“Perpetual other”

ESSENCE - Ligaya Rabago-Visaya (The Freeman) - March 25, 2021 - 12:00am

I'm sad to admit that images of wrongful killings and unprovoked violence captured on camera have always served as a catalyst for people to think about the racism and hatred that exists in our midst. This is especially in the Asia-Pacific region, which is massive, diverse, and complex.

The killing of eight people, including six Asian women, at three spa and massage establishments in the metro Atlanta area of the United States state of Georgia this week may well be the latest example of such violence.

Whether or not these killings are officially labeled as "hate crimes," they are inextricably linked to a long history of stereotyping of Asians, especially Asian women, in the United States.

Hong Kong, Singapore, Thailand and Malaysia also have seen how stereotypes and different treatment of migrant workers have intertwined in their own evolving responses to COVID-19.

When COVID-19 first became a household word a year ago, then-US President Donald Trump called it the "China virus" and "China's fault." Not only has the virus been dubbed different derogatory terms since then, but there has also been an increase in racially motivated cases in the west—and online.

Hate crime seems to have increased since the start of the pandemic, but the reason for this is unknown. COVID-19 is thought to have arisen in China, according to others.

Many victims, particularly the elderly, are being attacked in supermarkets and on the street. Heartbreaking videos are circling on social media showing elderly Asian victims sobbing after experiencing vicious hate crimes.

When it comes to seeing actual systemic and societal change, a few key things need to happen. First and foremost, education. There’s so much that we’ve got to do and it starts with education. In the interim, it is about informing the public on how they can intervene as a bystander when it comes to racially-motivated incidents.

Let us use the internet not only as a resource to enlighten, but to listen, support and amplify others who are sharing their experiences right now.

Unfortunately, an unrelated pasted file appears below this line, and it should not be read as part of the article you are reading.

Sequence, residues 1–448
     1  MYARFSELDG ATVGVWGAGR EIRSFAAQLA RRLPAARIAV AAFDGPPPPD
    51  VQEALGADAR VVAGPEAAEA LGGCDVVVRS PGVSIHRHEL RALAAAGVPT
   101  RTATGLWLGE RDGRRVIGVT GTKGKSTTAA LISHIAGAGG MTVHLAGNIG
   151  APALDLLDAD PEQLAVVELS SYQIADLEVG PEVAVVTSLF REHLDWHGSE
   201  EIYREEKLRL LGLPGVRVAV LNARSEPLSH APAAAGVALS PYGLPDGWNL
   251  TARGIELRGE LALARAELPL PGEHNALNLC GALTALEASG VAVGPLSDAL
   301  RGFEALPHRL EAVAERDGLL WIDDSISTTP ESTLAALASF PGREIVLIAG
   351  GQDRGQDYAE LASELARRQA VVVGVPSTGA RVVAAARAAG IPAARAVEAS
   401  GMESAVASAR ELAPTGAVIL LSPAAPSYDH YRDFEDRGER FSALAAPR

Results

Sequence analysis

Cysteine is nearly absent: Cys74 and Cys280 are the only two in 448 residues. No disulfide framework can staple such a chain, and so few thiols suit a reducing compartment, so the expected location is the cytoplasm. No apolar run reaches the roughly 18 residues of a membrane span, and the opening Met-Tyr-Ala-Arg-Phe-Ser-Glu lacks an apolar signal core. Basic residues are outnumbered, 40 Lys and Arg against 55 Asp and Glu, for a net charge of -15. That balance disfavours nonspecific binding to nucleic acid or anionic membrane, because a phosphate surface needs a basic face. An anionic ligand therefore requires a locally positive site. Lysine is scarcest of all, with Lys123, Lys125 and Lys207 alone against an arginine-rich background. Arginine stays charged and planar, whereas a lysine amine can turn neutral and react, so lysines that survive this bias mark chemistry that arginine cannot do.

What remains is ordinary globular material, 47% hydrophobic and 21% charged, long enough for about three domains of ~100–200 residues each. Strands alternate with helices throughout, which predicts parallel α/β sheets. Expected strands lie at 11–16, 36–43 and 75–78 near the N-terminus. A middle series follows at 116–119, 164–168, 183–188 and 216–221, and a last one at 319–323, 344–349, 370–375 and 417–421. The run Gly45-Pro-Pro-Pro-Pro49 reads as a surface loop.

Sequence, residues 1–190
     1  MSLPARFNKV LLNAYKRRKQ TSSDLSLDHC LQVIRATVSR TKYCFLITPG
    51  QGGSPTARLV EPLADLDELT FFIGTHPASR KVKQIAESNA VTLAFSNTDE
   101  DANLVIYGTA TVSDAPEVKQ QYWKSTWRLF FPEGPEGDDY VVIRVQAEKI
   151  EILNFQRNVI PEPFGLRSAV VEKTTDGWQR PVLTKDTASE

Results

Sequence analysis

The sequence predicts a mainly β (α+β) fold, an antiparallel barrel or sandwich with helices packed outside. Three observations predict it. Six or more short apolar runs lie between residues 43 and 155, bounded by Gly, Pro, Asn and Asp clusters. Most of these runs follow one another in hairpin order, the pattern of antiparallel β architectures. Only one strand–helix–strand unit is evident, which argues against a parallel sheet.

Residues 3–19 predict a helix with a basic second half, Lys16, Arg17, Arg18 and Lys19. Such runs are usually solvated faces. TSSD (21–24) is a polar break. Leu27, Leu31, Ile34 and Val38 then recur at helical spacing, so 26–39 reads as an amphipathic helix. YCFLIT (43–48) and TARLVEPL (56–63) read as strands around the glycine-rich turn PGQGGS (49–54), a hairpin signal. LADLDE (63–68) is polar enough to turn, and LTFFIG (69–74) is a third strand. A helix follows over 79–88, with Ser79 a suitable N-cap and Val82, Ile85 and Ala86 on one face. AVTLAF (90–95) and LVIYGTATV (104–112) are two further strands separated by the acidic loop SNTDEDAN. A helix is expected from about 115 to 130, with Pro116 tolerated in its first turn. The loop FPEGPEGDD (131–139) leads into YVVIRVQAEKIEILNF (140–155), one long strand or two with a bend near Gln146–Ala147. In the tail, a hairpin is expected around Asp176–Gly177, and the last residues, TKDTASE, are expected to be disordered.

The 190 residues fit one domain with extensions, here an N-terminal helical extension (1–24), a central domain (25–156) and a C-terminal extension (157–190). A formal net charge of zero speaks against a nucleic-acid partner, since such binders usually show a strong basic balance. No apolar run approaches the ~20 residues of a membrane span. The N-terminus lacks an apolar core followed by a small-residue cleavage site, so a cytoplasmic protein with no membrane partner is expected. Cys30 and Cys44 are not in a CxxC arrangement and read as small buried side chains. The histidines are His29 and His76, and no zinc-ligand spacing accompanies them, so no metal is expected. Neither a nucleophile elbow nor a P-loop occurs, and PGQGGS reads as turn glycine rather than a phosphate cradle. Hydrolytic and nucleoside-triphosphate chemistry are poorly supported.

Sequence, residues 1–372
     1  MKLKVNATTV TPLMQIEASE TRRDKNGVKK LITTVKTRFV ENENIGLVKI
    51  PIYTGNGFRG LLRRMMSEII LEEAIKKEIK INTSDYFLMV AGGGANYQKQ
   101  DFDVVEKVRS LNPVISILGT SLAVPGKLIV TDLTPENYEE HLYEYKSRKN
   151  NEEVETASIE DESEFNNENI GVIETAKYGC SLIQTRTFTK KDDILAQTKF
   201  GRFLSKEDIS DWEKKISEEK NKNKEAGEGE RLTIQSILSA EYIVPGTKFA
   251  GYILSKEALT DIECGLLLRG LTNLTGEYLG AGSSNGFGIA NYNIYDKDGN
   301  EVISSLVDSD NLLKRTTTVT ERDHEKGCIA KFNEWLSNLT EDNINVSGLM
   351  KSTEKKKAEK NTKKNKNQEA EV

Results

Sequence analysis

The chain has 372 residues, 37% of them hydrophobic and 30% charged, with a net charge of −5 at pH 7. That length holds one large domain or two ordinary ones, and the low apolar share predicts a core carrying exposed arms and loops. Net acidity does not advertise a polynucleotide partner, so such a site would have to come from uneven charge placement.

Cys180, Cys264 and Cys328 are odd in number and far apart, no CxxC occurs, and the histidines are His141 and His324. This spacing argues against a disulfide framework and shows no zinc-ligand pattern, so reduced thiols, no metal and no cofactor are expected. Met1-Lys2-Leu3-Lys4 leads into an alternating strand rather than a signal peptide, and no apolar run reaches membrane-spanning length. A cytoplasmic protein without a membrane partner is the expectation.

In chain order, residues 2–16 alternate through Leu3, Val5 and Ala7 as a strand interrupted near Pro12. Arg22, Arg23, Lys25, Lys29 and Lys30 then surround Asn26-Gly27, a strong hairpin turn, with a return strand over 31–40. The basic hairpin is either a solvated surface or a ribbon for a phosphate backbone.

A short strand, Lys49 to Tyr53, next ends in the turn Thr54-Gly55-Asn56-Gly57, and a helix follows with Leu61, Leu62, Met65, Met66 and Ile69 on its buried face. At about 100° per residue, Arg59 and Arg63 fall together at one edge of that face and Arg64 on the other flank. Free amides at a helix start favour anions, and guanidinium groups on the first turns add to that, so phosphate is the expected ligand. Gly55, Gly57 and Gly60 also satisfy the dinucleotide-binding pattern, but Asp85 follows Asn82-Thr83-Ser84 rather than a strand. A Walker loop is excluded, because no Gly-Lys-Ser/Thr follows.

It’s important to recognize that they are not alone, this is not okay, and it’s not something we have to put up with as a person of color or as a woman, adding that a key learning lesson for has been to always speak up. We should be angry; we should be able to express our hurt and grief.

Racism is never an acceptable response. However, we are mindful of this, which does not mean that change can take place. We believe it is now time to put our knowledge to use. To use our platforms to condemn racial hatred, to stand in solidarity with those who are being oppressed, and to demand change loudly. We'll continue to apply pressure and advocate for change until it happens.

Hate can breed violence when people are stereotyped and "humanized." This includes not only verbal and physical abuse directed at new immigrants or migrant workers, but also abuse directed at ethnic, cultural, and religious minorities who are now seen as the "perpetual other," regardless of how many generations their families have lived in the country.

It's past time to stop looking down on people of various races, religions, and genders. The practice of treating a community as "the perpetual other" must end.

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